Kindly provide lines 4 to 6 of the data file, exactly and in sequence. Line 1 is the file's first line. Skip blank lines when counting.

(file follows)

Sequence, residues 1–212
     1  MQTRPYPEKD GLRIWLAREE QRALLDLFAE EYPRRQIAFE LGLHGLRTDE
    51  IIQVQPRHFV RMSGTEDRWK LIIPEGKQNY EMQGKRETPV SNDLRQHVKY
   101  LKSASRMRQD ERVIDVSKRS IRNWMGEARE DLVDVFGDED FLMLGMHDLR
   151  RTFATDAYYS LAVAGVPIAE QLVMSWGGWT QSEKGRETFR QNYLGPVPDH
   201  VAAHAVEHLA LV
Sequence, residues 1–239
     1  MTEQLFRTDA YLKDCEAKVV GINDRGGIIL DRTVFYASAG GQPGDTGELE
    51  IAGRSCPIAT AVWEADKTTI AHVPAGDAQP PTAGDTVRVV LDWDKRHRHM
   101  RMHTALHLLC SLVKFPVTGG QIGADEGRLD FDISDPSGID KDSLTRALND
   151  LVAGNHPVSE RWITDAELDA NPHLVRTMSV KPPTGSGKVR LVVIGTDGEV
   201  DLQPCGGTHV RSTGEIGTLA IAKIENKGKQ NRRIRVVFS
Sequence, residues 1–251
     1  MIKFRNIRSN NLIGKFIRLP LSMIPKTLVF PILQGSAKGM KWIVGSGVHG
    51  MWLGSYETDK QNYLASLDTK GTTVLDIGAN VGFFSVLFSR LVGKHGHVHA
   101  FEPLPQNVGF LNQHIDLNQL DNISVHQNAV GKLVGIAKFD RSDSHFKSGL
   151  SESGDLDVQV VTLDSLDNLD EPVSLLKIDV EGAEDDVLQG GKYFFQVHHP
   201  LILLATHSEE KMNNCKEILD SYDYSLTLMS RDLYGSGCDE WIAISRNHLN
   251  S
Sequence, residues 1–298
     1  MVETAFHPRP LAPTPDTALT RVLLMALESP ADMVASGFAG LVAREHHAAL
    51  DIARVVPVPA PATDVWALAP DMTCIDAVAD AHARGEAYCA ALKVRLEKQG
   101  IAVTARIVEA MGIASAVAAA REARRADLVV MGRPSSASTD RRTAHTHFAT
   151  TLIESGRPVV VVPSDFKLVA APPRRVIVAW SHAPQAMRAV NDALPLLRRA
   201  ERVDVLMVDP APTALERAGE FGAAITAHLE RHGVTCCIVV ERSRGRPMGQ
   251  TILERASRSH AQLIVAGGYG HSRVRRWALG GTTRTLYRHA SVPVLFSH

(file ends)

   101  LKSASRMRQD ERVIDVSKRS IRNWMGEARE DLVDVFGDED FLMLGMHDLR
   151  RTFATDAYYS LAVAGVPIAE QLVMSWGGWT QSEKGRETFR QNYLGPVPDH
   201  VAAHAVEHLA LV